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British Billionaire equates paying more taxes to 'being raped'

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1 hour ago, Penistone999 said:

Do you not know the actual meaning of the word ? 

 

( a clue , read post 7 ) :rolleyes:

Can you smell gammon?

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Posted (edited)
18 hours ago, tlangdon12 said:

John Caudwell no longer has a stake in Phones4u. Phones4u will pay UK corporation tax correctly, unlike some global corporations who use their global scale to minimise the tax they pay in the UK. 

 

John is entitled to his opinion, and to lobby for or against any political party he wishes to. He clearly has no faith that a  Labour Party Government lead by Jeremy Corbyn would implement what he would regards as a 'fair' taxation policy. John has been happy enough to live in the UK to date and to pay tax at the current levels, so we can assume that he thinks the current taxation policy is not unfair. He is probably paying £35-£50m a year in income tax at present. 

 

Even billionaires are entitled to an opinion, especially one who did what John Caudwell did. I worked for John and saw the tremendous opportunities he created for everyone who worked for him.  John's employees paid more tax per year  than he is paying now, so he has been a major creator of wealth in the country and a major creator of tax revenues.

I don't believe that £billionaires are entitled to an opinion, or anything else.

 

They should be persecuted for practicing income inequality on a huge scale. NOBODY should have a billion pounds, or dollars, as their personal wealth. The only reason they have this wealth is because they have STOLEN it from the rest of us.

 

Any system that creates £billionaires is a failed system and must be closed down.

Edited by Car Boot

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20 hours ago, Pettytom said:

It just comes over as a bit snidey and unpleasant really. If you think it’s ok, then fair enough. I don’t agree with you though.

 

As for taxation. We are long past the point where we can allow the super rich and big corporations to dictate how much they will pay. You’ve seen the size of the deficit. It’s time to fill that gap by taxing the rich properly. If people then run off the Monaco, that’s fine, I’m sure we can deal with that.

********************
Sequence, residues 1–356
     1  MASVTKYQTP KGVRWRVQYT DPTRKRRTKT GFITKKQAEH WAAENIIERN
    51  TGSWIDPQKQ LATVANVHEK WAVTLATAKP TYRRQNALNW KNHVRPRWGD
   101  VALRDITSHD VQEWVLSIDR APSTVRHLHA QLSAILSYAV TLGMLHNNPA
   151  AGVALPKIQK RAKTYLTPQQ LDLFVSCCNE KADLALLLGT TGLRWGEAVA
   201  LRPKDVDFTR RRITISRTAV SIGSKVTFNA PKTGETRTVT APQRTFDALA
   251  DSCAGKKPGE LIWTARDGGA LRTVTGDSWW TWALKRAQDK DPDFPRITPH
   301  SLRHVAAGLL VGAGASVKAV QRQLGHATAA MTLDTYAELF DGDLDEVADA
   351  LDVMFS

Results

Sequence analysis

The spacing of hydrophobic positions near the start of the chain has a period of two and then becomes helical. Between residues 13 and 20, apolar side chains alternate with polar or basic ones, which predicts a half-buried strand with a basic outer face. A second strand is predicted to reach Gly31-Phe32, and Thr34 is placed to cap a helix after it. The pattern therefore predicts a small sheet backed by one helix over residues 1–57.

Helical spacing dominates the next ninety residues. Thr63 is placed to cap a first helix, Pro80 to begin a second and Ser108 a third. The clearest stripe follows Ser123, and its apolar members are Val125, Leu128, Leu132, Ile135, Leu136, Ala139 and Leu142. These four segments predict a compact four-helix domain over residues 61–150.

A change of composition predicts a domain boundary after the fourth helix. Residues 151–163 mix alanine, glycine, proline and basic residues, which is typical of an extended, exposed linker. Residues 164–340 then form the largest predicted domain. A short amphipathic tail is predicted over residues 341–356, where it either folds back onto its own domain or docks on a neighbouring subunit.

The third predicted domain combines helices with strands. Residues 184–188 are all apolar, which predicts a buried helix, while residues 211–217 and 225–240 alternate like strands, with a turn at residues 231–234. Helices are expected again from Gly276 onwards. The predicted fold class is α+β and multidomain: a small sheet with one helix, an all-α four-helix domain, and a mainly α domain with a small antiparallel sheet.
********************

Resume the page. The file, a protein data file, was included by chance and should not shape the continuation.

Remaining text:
Are we past it? Sometimes I think the relationship between big business and politicians is similar to the one between Mathew Corbett and Sooty.

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4 minutes ago, Waldo said:

Are we past it? Sometimes I think the relationship between big business and politicians is similar to the one between Mathew Corbett and Sooty.

Thank you for making me smile😀

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Posted (edited)
On 26/04/2019 at 21:56, Pettytom said:

As for taxation. We are long past the point where we can allow the super rich and big corporations to dictate how much they will pay. You’ve seen the size of the deficit. It’s time to fill that gap by taxing the rich properly. If people then run off the Monaco, that’s fine, I’m sure we can deal with that.

Do you get the bit about tax receipts falling if you increase that top rate?   That doesn't do anything for the deficit.

 

Increasing the top rate of tax is nothing more than dog whistle politics.

On 26/04/2019 at 22:53, tlangdon12 said:

John Caudwell no longer has a stake in Phones4u. Phones4u will pay UK corporation tax correctly, unlike some global corporations who use their global scale to minimise the tax they pay in the UK. 

 

John is entitled to his opinion, and to lobby for or against any political party he wishes to. He clearly has no faith that a  Labour Party Government lead by Jeremy Corbyn would implement what he would regards as a 'fair' taxation policy. John has been happy enough to live in the UK to date and to pay tax at the current levels, so we can assume that he thinks the current taxation policy is not unfair. He is probably paying £35-£50m a year in income tax at present. 

 

Even billionaires are entitled to an opinion, especially one who did what John Caudwell did. I worked for John and saw the tremendous opportunities he created for everyone who worked for him.  John's employees paid more tax per year  than he is paying now, so he has been a major creator of wealth in the country and a major creator of tax revenues.

You're estimating that he pays tax on an income of approx £100 million a year?

 

I looked up what some very rich people pay and you're probably in the right ballpark

 

https://www.theweek.co.uk/99233/which-super-rich-brits-pay-the-most-tax

 

Edited by Cyclone